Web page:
Lesbian Space Drama: Did NASA Astronaut Anne McClain Commit the World’s First Crime in Space?

Almost everything is different in space: gravity, pressure, the passage and marking of time, forensics, etc. However, one thing that remains steadfast and true regardless of one’s current galaxy: dyke drama.

Astronaut Lieutenant Colonel Anne McClain and former Air Force intelligence officer Summer Worden married in 2014. At the time, Worden had a one-year-old son that the pair reportedly coparented, though Worden never allowed McClain to legally adopt the boy. McClain told the Today Show about the difficult realities of parenting while being an astronaut who might be deployed for long periods of time. Problems arose in the pair’s marriage after roughly three years, and in early 2018, McClain asked a judge to grant her shared parenting rights. She cited that she had been present for the child’s first words and first steps and had maintained “a very healthy and deep parental relationship” with the boy. She also asked for “the exclusive right to designate the primary residence of the child” if a mutual agreement could not be reached between the two.

Worden filed for divorce later that year, and the resulting custody battle was by all accounts extremely messy. At one point, McClain accused Worden of assault; Worden maintains that the accusation was untrue and was part of McClain’s attempt to gain custody of her son. To say these two required the services of Joyce Wischnia would be a massive understatement.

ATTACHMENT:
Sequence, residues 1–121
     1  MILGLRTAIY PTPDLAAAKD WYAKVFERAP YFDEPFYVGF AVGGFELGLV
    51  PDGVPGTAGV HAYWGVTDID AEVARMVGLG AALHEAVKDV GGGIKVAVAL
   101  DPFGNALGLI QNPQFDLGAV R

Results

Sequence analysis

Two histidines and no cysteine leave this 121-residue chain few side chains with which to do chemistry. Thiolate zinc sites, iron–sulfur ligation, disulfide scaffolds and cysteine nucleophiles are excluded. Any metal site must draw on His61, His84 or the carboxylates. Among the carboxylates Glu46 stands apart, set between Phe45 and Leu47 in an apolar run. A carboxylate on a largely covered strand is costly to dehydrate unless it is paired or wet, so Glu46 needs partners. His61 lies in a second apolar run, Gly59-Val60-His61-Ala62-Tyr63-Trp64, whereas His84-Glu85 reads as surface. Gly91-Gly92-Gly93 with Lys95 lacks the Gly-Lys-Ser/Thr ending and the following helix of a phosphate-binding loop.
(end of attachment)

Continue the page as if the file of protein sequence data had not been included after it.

In the midst of this bitter custody battle, McClain launched into space. She departed on Dec 3, 2018, and spent roughly seven months aboard the International Space Station; she was poised to become part of NASA’s first all-female space walk (later canceled, honestly because NASA didn’t have enough lady-sized space suits, but I digress). While McClain was literally in outer fucking space, the pair continued their dispute via email, which is a commitment to pettiness that I personally recognize and respect.

During McClain’s deployment, Worden noticed that her ex was suspiciously knowledgeable about recent changes to her financial situation, and used her intelligence background to do some digging. Her bank informed her that one of the computers that had recently accessed her account was registered to the National Aeronautics and Space Administration. She wasted no time in reporting her concerns, and although there is no evidence that anyone had used or transferred any funds in the account, Worden filed a complaint with the Federal Trade Commission. McClain maintains that she had only accessed the bank account in order to keep track of the couple’s still-shared financial resources, which she had done throughout their relationship. The New York Times quotes Worden as saying, “I was pretty appalled that she would go that far. I knew it was not OK.” As she told NBC affiliate KPRC, “I was shocked and appalled at the audacity by her to think that she could get away with that, and I was very disheartened that I couldn’t keep anything private.”

Anne McClain returned to earth on June 24, 2019, but her rocky custody battle has only gotten uglier. Worden has accused her of identity theft and improper access to her personal finances. McClain was subjected to an under-oath interview with the NASA Office of Inspector General earlier this week, and her lawyer maintains that she “strenuously denies that she did anything improper.”

In the meantime, the extraterrestrial nature of this case has made it particularly fascinating from a legal standpoint. Crime surrounding space travel has existed for years, but experts are saying that this could be the first actual case of crime IN space. According to the New York Times,